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As of 245 PM EDT Saturday... Models maintain their consensus on a wave lifting northeast along the stalled cold front on Monday, and will be raising PoPs to categorical across the southern tier. In addition, will add a chance for rumblers in the southeast where even though instability will be very weak to non-existent, we will have just about everything else needed - low level convergence, shear, and upper dynamics - to support at least modest convection. Cool air will be flowing in behind the wave, and highs will struggle to make much headway in the cloudy and moist airmass, so expect the northern tier to stall in the upper 50s, while the southeast should reach mid 60s. Cooler airmass settles in Monday night, with lows bottoming out mostly in the lower 40s, with some upper 30s possible across the north where radiational conditions (decoupling) will be more favorable. Dry high pressure will build across the area, and quickly offshore Tuesday into Tuesday night, with sunny skies and highs climbing to 60 to 65 on Tuesday with mins in the mid 40s Tuesday night. Moisture will increase rapidly in return flow on Wednesday, with showers increasing in the west and spreading into central NC during the afternoon. There is a bit of uncertainty as to how shortwaves in the northern and southern streams, respectively, will phase during the mid to late week period. Regardless, it looks pretty wet as a warm front lifts north up the Atlantic coast ahead of what will be a strong low pressure area and associated cold front moving east across the Ohio Valley/Great Lakes region. The surface cold front will move across the area later Thursday, so will have likely PoPs Wednesday night through Thursday as timing confidence is not high this far out. Highs Wednesday will reach the low to mid 60s, while we should be mild Wednesday night ahead of the front...50 to 55. Strong warm air advection ahead of the front will allow us to reach 65 to 70 on Thursday. The low pressure system is expected to slow and make a southeasterly jog as it moves offshore, which could change the equation, but at this point, lingering showers should be gone by Friday morning, with seasonable highs Friday and cooler air settling south on Saturday. Highs Friday will be mostly in the lower 60s, with Saturday topping out from 55 to 60.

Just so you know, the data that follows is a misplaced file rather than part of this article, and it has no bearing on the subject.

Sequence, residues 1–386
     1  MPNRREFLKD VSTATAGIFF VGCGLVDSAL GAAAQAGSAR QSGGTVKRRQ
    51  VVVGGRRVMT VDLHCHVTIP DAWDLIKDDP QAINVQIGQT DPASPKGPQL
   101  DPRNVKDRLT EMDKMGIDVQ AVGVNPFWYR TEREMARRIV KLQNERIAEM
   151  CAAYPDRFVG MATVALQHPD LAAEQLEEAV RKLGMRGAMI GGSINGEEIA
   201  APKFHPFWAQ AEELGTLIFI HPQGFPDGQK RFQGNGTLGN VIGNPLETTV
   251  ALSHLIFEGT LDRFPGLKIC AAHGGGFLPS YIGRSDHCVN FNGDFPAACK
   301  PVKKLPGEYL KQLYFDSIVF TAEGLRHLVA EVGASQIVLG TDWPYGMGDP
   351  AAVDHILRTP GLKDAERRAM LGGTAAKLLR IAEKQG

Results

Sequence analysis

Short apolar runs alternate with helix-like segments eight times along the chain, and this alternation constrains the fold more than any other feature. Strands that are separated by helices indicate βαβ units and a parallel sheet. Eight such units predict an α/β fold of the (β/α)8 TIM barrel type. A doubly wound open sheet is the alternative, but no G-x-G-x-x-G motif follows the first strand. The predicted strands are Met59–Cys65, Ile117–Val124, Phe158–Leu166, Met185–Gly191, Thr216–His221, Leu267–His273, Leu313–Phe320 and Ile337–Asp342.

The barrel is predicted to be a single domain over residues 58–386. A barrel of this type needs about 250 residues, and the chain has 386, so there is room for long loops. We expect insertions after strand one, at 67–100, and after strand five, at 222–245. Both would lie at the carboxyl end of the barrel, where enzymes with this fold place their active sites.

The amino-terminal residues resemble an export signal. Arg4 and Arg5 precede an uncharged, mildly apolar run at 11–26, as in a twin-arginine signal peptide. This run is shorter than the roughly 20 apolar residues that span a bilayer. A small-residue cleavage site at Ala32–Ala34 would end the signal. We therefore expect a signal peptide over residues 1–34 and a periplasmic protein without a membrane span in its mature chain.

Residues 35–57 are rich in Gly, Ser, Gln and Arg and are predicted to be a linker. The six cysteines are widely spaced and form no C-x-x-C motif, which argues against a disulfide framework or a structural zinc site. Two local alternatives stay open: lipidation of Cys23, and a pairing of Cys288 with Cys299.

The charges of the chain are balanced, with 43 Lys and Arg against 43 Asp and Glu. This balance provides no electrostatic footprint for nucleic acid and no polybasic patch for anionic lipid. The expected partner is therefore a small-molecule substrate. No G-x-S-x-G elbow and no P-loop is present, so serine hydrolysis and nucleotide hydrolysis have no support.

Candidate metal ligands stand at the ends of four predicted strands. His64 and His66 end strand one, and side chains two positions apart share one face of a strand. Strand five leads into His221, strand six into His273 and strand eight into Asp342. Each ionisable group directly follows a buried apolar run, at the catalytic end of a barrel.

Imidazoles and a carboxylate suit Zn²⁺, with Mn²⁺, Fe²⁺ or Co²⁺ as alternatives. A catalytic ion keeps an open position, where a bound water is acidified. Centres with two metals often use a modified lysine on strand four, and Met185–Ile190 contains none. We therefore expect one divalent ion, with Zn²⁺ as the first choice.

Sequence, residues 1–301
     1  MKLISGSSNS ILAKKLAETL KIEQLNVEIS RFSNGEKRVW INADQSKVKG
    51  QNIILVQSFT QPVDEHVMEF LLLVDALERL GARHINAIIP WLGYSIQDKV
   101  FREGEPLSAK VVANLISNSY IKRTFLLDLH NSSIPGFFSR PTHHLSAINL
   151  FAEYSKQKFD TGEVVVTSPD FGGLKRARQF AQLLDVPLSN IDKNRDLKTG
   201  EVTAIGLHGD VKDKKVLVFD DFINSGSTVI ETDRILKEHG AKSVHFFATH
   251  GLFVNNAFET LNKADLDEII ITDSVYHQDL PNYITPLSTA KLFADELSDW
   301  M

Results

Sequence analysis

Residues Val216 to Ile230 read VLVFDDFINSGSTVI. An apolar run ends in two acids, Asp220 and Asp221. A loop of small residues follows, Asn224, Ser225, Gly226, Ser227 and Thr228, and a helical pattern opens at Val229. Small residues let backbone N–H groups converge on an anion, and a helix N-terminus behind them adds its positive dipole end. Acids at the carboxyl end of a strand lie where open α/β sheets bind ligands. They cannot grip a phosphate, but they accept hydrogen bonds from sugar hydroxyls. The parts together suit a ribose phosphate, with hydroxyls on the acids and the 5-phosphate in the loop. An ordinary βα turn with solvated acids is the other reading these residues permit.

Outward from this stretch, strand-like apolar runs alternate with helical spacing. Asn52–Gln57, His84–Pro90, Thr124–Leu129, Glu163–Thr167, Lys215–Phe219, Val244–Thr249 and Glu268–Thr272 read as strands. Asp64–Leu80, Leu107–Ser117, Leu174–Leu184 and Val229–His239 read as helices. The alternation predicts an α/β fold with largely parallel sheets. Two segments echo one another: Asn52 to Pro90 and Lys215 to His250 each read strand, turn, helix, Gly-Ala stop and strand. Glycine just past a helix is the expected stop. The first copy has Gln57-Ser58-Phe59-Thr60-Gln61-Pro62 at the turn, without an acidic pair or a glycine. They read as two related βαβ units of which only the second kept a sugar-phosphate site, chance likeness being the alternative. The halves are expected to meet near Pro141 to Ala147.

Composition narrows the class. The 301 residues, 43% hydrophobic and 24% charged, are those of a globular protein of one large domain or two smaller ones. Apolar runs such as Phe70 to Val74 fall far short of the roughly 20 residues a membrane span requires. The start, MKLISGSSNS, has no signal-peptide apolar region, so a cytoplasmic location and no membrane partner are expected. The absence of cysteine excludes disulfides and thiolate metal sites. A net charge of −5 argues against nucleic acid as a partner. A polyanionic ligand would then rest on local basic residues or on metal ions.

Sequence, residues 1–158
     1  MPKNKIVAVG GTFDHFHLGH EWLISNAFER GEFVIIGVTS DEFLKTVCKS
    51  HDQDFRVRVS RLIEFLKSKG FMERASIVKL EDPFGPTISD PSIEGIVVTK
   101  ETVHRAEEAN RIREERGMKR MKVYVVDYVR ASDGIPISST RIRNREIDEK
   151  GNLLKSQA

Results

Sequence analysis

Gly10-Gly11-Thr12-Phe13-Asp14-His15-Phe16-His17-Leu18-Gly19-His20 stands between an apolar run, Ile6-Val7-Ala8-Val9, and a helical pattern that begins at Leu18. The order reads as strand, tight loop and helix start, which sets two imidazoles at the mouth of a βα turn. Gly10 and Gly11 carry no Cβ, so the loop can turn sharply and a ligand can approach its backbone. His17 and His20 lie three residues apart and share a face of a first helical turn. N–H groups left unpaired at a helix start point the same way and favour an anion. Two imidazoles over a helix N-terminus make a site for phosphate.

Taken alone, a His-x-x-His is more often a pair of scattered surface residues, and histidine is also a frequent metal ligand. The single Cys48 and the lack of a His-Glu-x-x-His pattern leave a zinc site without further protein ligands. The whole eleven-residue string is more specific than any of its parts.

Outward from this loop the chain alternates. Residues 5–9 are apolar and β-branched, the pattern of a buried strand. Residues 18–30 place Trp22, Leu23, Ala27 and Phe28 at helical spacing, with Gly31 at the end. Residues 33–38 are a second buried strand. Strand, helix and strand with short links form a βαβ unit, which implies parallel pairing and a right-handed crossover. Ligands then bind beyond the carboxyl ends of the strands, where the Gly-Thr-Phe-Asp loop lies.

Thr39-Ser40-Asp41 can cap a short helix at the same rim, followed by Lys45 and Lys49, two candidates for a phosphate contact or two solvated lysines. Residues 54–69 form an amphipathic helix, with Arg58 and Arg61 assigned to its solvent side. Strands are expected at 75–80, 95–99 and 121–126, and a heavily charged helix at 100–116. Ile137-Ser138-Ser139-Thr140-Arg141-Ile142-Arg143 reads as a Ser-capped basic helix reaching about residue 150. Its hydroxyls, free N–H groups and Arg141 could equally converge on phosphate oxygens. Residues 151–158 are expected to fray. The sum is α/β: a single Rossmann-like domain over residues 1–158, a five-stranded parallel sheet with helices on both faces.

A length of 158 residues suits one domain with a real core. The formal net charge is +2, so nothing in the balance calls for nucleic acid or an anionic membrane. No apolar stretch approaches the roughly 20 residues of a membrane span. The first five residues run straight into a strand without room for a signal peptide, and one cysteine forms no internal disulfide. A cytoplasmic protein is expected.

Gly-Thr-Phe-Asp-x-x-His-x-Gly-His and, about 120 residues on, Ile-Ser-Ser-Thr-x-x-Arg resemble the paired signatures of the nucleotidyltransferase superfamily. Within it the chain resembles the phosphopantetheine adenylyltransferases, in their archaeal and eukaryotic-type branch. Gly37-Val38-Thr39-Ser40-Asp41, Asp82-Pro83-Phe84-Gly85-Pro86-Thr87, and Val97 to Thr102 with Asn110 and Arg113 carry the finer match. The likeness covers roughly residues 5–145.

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&& .AVIATION /18Z SATURDAY THROUGH THURSDAY/... As of 100 PM Saturday... Passage of a mid level trough and increasing moisture generated patchy light precip in the Triad late this morning, however these have moved to the NE, and any further chance of impactful showers will hold well north of the central NC terminals through the next 24 hours. This morning`s sub-VFR cigs have broken up to scattered, and VFR conditions will hold through this evening. There is a chance for development of MVFR or high-level IFR cigs after 09z tonight, however a steady SW wind overnight will keep the low levels stirred, such that confidence in the occurrence of sub-VFR cigs late tonight is low. And vsbys are likely to remain VFR regardless. Any sub-VFR cigs will start to lift and break up by 16z Sun. Looking beyond 18z Sun, a trend to sub-VFR conditions will begin Sunday night as a cold front moves slowly SE through the area, settled across SE NC Mon morning. Sub-VFR conditions with showers and isolated storms will be the most likely and the longest lasting over the SE (FAY), lasting through much of Mon, while at other sites, high pressure will start to build in behind the front, leading to a trend to mostly VFR conditions Mon at INT/GSO/RDU/RWI. VFR conditions will dominate Tue/Wed under high pressure. The next chance for sub-VFR conditions will be Wed evening/night into Thu as the front heads back northward into the area as a warm front, bringing a chance for showers. -GIH && .CLIMATE... RDU Records: Date | High Year | High Min Year ------------------------------------------ 02/24 81 1982 58 1985 GSO Records: Date | High Year | High Min Year ------------------------------------------ 02/24 79 1982 55 1985 FAY Records: Date | High Year | High Min Year ------------------------------------------- 02/24 83 1930 60 1975 && .RAH WATCHES/WARNINGS/ADVISORIES... None. && $$ SYNOPSIS...Hartfield NEAR TERM...Hartfield/JJM SHORT TERM...JJM/MWS LONG TERM...mlm AVIATION...Hartfield CLIMATE...RAH is the U.S. government's official web portal to all federal, state and local government web resources and services.